Wednesday 3 July 2019 11:00 amInteractive Investor Talk

RPS blames Aussies for share price collapse

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By Graeme Evans from interactive investor.

Profit forecasts slashed and rising debt threatening the dividend, will this crash attract bidders?

A recovery for RPS Group (LSE:RPS) since an October profit warning has proved to be short-lived after Australia’s slowing economy derailed progress at the environmental consultancy.

The latest warning sent shares in the Abingdon-based business crashing by as much as 44 per cent to levels not seen in the 21st Century. The former FTSE 250 index stock, which began life as a rural planning services firm in 1970, employs more than 5,500 staff across 125 countries and in six sectors covering property, energy, transport, water, defence and government services.

Given the material cut to expectations for 2019 results, last week’s update will heighten focus on the future of a generous dividend that has contributed to a forward yield of 5.9 per cent. It will also reignite speculation about the potential for takeover approaches, with RPS reportedly involved in talks with private equity firm Charterhouse at the end of 2018. 

That interest aside, investors will left be wondering about the stock market adage that profit warnings tend to come in threes. The shares also fell sharply in October after a warning that fee income was marginally below expectations.

Source: TradingView Past performance is not a guide to future performance

While other parts of the RPS business have performed resiliently since then, including energy, there’s been no hiding place from a range of challenges in Australia as the country’s economy experiences its slowest growth since 2009 and a weak property market.

RPS’s project management business has also been affected by the impact of May’s Federal election on major defence project spending. And in a further blow for RPS following its February acquisition of Corview, public sector infrastructure spending has been affected by recent state elections in Victoria and New South Wales.

While the Australian division accounted for a fifth of RPS’s £637.4 million of revenues in 2018, chief executive John Douglas says the company remains “well placed to benefit” once the Australian market recovers.

The problems Down Under have been exacerbated by RPS’s biggest market of the UK, where Brexit uncertainty means the consulting division is now trading slightly below expectations.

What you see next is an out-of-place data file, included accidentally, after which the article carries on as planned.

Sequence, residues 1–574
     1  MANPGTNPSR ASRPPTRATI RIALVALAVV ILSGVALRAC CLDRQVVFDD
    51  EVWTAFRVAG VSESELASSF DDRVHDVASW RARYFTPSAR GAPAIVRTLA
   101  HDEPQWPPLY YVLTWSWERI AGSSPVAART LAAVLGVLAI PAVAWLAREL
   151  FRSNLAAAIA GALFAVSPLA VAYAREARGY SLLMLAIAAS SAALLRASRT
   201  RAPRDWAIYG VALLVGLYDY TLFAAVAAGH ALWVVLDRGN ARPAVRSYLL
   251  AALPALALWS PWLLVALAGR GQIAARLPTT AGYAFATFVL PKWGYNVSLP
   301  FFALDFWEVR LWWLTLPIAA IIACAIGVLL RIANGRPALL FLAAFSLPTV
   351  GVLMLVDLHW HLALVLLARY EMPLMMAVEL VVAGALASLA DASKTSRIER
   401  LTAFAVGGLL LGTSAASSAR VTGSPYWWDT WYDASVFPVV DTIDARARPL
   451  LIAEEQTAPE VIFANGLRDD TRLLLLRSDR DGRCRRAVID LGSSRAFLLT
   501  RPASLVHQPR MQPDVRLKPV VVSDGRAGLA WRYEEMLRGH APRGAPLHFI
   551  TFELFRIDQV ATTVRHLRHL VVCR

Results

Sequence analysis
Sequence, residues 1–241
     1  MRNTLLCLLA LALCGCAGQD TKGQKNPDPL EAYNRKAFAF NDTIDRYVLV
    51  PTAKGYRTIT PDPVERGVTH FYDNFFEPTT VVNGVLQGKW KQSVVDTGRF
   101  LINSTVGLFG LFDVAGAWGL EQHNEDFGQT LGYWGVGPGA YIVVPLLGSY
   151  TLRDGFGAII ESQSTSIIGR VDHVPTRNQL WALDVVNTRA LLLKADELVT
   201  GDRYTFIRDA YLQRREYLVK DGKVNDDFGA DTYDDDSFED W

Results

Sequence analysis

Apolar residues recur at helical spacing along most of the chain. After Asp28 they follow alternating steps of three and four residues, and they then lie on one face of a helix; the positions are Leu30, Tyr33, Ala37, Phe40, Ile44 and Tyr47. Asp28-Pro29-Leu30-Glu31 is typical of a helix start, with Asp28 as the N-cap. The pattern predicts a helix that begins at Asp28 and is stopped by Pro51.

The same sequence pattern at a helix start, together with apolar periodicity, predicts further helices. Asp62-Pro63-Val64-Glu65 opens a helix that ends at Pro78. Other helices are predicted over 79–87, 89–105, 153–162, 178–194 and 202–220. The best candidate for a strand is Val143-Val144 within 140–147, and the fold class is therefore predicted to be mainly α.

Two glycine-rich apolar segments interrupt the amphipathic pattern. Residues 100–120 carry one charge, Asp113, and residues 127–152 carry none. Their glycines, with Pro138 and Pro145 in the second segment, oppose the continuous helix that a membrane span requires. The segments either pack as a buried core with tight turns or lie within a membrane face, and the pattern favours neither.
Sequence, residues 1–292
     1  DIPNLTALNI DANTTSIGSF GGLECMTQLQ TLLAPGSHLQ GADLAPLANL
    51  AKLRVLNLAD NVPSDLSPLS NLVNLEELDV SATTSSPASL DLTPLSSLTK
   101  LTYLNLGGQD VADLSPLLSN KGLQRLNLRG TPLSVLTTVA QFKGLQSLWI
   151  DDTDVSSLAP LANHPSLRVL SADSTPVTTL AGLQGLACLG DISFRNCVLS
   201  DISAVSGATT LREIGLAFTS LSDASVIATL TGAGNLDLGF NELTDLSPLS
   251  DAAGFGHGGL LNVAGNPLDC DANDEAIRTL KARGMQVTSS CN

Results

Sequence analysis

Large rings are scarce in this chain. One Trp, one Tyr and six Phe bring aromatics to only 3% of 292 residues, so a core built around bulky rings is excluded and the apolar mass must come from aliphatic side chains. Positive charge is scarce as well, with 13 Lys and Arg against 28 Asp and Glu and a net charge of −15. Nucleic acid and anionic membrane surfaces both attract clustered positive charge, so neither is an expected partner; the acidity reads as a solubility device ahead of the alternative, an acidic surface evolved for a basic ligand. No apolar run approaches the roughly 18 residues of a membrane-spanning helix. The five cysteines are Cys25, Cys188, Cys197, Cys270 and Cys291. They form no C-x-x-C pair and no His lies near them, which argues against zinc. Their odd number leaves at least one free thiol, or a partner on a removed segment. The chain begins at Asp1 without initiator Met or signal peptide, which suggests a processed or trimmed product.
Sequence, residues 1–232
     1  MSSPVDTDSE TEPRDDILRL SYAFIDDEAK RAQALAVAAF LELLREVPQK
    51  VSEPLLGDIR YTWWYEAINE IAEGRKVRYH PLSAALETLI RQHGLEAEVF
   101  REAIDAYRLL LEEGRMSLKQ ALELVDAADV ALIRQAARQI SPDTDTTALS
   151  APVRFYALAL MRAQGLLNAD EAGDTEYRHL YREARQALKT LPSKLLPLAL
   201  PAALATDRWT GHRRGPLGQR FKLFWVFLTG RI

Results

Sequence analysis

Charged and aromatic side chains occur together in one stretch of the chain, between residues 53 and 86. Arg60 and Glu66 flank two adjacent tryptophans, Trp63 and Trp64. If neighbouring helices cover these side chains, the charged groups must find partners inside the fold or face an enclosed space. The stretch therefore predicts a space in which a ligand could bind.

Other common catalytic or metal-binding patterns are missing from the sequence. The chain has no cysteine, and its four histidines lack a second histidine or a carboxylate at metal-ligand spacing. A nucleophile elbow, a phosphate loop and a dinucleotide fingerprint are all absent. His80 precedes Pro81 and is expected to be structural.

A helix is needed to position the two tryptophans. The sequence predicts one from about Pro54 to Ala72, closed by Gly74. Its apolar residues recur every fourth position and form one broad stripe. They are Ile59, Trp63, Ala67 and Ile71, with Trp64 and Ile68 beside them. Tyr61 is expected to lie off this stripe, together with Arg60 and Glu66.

Following last week’s warning, analysts at Numis Securities reduced their earnings per share (EPS) forecast for 2019 by 30 per cent to 11.7p, driven by an expected 12 per cent decline in net fee income for the Australian division.

Numis predicts an increase in net debt to £93.4 million, which it thinks will limit the opportunity for further bolt-on acquisitions in the short term.

RBC Capital Markets said it was encouraging that the company’s strategy implemented in 2017 to transform the business from an “unfocused conglomerate into an internationally recognised environmental consultancy” remained on track.

However, they added that the update underlined the vulnerability of the model to market volatility, even though the majority of this looks more to do with timing than fundamental changes to underlying markets.

RBC said bid expectations were now likely to come back onto the table, while the current dividend would also be in focus.

The pay-out for last year was kept at 9.88p a share, amounting to a total of £22.1 million. However, RPS said the pay-out ratio of 60 per cent of adjusted EPS was too high, compared with the ratio of less than 40 per cent prior to 2015.

It said at the time:

“Whilst the board has no current intention of reducing the future full year dividend, increases are only likely once earnings have grown and the pay-out ratio is at or around this level (40 per cent).”

With shares trading on a 2019 price/earnings (PE) multiple of 13.8x, house broker Liberum reduced its target price from 230p to 170p to reflect the lower earnings.

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